Thursday, March 31, 2011

So busy and important.

Sorry about no post yesterday, dudes. I'm sure you were all distraught. I've been busy as hell trying to get ready to go out of town for the weekend, and every time I come home I discover that Pancakes has done something like destroy Rooster's harness or spread my yarn all over the living room. Frustrating.

In lieu of an actual post, here's what I have to do before my train leaves in the morning:

  • Finish the laundry so that I can
  • Pack my duffel bag (I learned on my last trip that those great little suitcases with wheels weigh a fucking ton and suck to haul up and down subway stairs) with:
    • 5 pairs of socks (it's important to me to always have clean socks available)
    • 4 sets of unmentionables (if I phrase it like this, it sounds like coordinated expensive underwear/bra combos, instead of mismatched Hanes undies and bras I got on sale at J.C.Penney)
    • 1 pair of jammies
    • 1 pair of jeans
    • 3 t-shirts
    • 2 sweaters
    • 2 pairs of shoes acceptable for walking around the city
    • 1 stuffed cow
    • Toiletries, which when you're me is code for deodorant and contact solution
  • Pack my "carry-on" (the bag that I'll keep with me) with:
    • Yarn, needles, and knitting pattern
    • Mindless magazine
    • A book (I'm trying to decide between Bill Bryson and David Sedaris. Help!)
    • Since I'll be on the train for lunchtime:
      • A pb&j on whole wheat bread
      • Sour cream and onion chips (a traveling indulgence) (I know this is weird: I'm a really picky eater but I love the taste of pb&j with grape jelly mixed with the taste of sour cream and onion chips. It's okay if you think that's gross.)
      • Trail mix (dried cranberries, almonds, sunflower seeds, and chocolate chips)
      • An orange, peeled and sectioned, in a baggie
      • A big bottle of water 
      • A bottle of Coke and two homemade chocolate chip cookies, so you don't think I'm all healthy or anything
    • Fully charged iPod with headphones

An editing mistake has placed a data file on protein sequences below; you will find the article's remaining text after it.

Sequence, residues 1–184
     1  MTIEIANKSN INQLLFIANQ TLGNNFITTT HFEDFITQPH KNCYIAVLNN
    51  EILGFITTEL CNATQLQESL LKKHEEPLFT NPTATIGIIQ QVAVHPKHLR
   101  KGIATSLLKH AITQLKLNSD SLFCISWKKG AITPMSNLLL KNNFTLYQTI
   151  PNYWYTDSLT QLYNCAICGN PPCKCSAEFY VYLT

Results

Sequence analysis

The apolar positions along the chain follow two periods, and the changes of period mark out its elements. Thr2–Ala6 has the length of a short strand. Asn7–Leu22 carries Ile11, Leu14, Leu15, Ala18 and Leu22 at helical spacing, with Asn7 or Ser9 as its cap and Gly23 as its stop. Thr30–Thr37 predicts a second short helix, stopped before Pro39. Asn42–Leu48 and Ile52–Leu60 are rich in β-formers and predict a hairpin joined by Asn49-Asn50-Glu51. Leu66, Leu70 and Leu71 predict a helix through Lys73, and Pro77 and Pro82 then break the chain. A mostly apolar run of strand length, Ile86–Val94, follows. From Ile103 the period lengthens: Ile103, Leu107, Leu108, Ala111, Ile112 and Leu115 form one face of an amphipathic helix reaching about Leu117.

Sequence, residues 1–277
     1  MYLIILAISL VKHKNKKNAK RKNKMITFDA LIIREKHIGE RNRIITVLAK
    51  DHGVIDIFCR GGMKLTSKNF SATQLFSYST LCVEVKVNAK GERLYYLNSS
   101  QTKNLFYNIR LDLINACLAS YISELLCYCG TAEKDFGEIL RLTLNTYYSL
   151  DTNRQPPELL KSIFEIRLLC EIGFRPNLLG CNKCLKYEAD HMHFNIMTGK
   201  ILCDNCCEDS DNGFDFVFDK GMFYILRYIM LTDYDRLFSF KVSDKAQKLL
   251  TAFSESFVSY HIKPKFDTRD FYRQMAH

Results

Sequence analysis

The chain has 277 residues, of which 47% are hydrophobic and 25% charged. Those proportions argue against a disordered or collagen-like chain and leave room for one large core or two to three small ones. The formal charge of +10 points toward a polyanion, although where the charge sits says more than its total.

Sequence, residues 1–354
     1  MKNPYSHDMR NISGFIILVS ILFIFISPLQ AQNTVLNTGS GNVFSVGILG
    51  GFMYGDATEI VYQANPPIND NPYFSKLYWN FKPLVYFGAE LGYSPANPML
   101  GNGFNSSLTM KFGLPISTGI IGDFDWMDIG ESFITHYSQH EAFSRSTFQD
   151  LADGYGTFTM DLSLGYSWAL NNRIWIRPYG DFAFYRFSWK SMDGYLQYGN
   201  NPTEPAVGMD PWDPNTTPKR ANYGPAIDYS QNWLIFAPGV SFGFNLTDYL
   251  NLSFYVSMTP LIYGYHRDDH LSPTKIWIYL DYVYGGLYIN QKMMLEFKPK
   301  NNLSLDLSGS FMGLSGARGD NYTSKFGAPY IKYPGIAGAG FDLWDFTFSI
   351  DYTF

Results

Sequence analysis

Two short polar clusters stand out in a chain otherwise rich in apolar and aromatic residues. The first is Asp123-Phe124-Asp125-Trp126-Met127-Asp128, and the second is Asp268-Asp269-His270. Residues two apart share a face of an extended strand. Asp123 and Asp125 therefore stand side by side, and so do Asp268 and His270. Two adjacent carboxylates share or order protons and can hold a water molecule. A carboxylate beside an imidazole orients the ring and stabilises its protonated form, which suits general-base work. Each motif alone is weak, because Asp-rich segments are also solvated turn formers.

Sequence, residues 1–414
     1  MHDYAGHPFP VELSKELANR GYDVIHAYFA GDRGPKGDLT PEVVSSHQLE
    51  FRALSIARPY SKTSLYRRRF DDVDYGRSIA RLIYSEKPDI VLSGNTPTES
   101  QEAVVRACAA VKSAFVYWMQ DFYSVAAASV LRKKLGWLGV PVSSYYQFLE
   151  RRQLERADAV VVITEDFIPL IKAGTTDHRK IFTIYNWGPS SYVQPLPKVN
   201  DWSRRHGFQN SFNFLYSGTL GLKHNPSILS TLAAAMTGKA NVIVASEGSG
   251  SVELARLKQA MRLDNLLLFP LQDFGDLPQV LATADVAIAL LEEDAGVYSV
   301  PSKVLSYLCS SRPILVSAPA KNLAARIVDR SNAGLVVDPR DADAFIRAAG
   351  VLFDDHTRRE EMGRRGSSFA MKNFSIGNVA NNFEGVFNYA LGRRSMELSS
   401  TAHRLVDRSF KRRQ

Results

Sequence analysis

• Sunglasses
    • Gum
  • Set up three posts for this joint to keep my hordes of readers at bay
  • Pick at my chipping nail polish for a while
  • Have dinner over at my parents' house for my dad's birthday
  • Get as close to 8 hours of sleep as possible
  • Shave my legs, because I'm sharing a bed with the friend I'm visiting and I'd rather not have her think she's sharing a bed with a cactus (I'm a snuggler. What can I say?)
  • Watch my neighbor's car get towed with great interest
So you can see, I'm a busy lady with lots of claims on my time. I'm going to go get stuff crossed off this here list, starting with picking at my nails and watching my neighbor's car get towed. See, I'm even multitasking!

Tuesday, March 29, 2011

On Man vs. Wild

From the website where I found that picture: "Who can indulge himself  in danger and eat variety raw meat for sake of enjoyment or pleasure?  Bear Grylls has dare to do so. Here are some of his incredible weirdest eating."
You guys ever watch this show? Now that we have the Netflix, Andy and I watch this crap all the damn time. It's amazing. I know that it's staged and that Bear Grylls, the star/host/whatever, does all sorts of crazy shit that is the opposite of what one should do, and I definitely feel like puking during almost every episode, but I still am secretly happy any time Andy suggests we watch it.

Basically, if you're unfamiliar, this dude, whose name is Bear for some reason, parachutes into dangerous areas. In theory, he shows you how to survive so you can make it out or be rescued, but every episode he's all, "Usually, you would want to stay out of the frigid white-water rapids and try to find another way around, but I'm going to show you what would happen if you tried to make a raft out of some twigs and then floated downstream."